So I wrote an article on children’s savings accounts for the most recent issue of Shelterforce. I ended up being quite a fan of them, thanks to the persuasive and knowledegable people I spoke with, but the truth is I started out as a bit of a skeptic.
Why? Maybe because I am skeptical of the all too common knee-jerk desire to fix poverty with education.
While I am a firm believer in equal access to higher education for all, it’s over-emphasized in our individualistic culture as a solution to society’s woes: By itself, education does not create jobs or fix poverty. It primarily affects who wins in musical chairs. Nor does it improve the quality of essential service jobs that will still need doing no matter what percentage of the population gets a college degree. (In 2014, almost half a million college graduates were working for the federal minimum wage and they are displacing other workers.)
To fight poverty and inequality, we need unions, living wages, more respect for both manual labor and caregiving jobs, public works projects (especially desperately needed infrastructure repair and upgrading, and climate change preparation), and other similar components of economic justice. These things will make more difference than more college graduates.
However, all that said, reducing the race, class, and geographic disparities to access quality education and higher education does matter.
It’s a matter of inclusion and of fairness. Reducing educational disparities will allow us to stop losing the potential brilliance of scientists, inventors, and entrepreneurs and should also (help) shift those same disparities in the halls of power and distribution of wealth, stalling our current drift into two totally separate social castes. I would like to think that increasing equity in this way would also strengthen our public policy response to inequality.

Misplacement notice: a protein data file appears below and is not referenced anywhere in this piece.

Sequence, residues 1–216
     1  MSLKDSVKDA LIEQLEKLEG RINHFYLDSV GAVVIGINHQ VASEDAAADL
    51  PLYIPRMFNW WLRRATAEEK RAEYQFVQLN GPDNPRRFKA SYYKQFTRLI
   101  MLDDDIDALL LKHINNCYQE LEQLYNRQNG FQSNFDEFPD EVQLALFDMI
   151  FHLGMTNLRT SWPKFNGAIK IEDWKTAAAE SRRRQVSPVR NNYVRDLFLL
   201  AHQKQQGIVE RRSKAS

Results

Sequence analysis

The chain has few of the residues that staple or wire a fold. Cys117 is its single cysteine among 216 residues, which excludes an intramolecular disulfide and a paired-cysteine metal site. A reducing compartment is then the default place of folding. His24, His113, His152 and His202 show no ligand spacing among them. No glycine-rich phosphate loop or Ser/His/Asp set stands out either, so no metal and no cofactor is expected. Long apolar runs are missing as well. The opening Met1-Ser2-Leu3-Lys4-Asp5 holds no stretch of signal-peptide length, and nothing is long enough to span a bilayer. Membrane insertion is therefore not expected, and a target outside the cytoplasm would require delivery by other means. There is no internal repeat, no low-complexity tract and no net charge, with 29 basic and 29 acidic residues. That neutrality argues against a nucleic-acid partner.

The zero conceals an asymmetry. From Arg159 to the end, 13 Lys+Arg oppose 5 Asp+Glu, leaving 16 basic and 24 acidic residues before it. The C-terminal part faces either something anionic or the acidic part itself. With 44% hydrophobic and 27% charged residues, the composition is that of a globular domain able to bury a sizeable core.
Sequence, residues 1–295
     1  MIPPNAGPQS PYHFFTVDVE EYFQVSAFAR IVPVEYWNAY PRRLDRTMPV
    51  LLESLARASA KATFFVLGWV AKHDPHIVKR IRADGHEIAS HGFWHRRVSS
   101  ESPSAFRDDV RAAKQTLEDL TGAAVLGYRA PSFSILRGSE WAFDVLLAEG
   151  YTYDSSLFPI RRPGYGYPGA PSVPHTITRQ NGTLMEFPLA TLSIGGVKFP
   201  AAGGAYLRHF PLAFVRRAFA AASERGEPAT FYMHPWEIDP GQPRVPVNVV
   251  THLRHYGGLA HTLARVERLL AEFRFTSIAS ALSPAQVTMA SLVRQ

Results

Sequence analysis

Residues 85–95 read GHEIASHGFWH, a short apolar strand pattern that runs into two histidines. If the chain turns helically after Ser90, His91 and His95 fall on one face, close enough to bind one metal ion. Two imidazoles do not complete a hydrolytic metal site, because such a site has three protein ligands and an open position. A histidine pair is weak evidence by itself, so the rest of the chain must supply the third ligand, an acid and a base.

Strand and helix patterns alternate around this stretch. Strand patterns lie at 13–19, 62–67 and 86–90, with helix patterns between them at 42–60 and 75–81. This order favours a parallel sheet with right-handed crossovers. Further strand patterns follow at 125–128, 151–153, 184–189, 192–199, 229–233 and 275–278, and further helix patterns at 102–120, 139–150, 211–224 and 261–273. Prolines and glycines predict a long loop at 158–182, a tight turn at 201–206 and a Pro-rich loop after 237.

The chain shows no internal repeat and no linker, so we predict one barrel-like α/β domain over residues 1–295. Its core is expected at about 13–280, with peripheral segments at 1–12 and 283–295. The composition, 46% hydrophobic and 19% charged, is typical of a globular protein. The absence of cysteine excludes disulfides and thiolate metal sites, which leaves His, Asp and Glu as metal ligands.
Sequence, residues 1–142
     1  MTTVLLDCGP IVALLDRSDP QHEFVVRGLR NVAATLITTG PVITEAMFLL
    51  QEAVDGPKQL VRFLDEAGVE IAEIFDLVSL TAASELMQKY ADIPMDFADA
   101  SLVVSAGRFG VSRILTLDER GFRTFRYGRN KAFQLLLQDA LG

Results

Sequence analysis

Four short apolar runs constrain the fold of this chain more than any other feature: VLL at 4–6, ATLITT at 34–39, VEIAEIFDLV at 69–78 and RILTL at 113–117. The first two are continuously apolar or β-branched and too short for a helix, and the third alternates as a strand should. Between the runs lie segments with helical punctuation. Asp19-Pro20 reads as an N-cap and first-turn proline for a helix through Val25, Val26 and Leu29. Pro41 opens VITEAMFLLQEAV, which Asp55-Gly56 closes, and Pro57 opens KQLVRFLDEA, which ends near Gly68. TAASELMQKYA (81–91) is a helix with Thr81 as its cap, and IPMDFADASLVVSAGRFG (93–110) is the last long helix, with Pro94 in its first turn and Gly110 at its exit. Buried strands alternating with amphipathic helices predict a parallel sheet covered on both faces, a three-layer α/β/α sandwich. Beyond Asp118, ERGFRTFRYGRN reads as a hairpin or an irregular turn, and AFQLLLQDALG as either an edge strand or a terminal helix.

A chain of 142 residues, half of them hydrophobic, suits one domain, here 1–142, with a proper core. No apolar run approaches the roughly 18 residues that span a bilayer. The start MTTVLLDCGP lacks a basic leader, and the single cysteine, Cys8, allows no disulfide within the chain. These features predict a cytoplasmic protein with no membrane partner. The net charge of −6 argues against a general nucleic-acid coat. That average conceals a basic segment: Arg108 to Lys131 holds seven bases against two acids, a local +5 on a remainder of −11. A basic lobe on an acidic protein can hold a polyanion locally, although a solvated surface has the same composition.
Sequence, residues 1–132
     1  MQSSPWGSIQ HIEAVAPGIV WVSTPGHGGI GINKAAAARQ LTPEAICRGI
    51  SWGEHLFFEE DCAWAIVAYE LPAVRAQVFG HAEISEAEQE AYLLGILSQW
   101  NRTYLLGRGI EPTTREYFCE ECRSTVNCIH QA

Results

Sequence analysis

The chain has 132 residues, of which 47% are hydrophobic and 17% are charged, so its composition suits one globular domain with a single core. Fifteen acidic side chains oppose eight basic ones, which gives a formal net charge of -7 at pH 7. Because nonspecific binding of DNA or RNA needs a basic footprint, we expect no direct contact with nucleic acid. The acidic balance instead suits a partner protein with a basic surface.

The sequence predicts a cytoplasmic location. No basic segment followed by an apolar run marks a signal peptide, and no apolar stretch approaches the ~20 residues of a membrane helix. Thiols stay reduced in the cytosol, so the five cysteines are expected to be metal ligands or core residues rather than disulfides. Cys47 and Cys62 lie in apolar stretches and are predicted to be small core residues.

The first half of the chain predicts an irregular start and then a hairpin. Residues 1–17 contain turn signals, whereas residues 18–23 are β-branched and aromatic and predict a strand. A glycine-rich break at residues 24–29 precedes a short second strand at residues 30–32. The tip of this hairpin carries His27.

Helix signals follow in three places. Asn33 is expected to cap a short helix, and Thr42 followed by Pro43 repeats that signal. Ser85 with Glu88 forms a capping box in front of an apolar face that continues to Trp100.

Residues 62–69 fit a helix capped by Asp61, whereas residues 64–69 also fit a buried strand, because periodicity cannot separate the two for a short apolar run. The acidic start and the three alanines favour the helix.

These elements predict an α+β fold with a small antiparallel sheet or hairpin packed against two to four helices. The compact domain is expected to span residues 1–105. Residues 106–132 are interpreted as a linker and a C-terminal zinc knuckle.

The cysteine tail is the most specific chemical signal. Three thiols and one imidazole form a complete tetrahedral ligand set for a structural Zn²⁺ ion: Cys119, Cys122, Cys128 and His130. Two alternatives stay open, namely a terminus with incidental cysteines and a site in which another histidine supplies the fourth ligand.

Hopefully, better access to higher education funding at a time when a college degree has become a requirement for so many jobs would also help relieve the economic burden of student debt and allow students more options to pursue the degrees they most want or need at the best institution for them. (That CSAs are usable for any accredited post-high school training, not just four-year college, including community college and vocational training for infrastructure jobs.)
The particular genius of child savings accounts though, I discovered, comes in the way they shift the timing of the community resources devoted to higher education access so that higher education is seen as a possibility and even likelihood earlier in a child’s life, with a host of ripple benefits to them and their families. When you think about it, some of the “interim measures” being used to evaluate the effectiveness of these programs—such as reduction in maternal depression, or increase in socio-emotional learning—are at least as valuable outcomes in their own right as they are as predictors of increased college enrollment. And then the ability to graduate with lower debt has effects past graduation as well.
Children’s savings accounts are not just about access to education, they are about reducing asset inequality.
Higher education access is one part of broader economic justice. It’s not the only one. I’m happy to have gotten more of a sense of where child savings accounts can fit into the picture.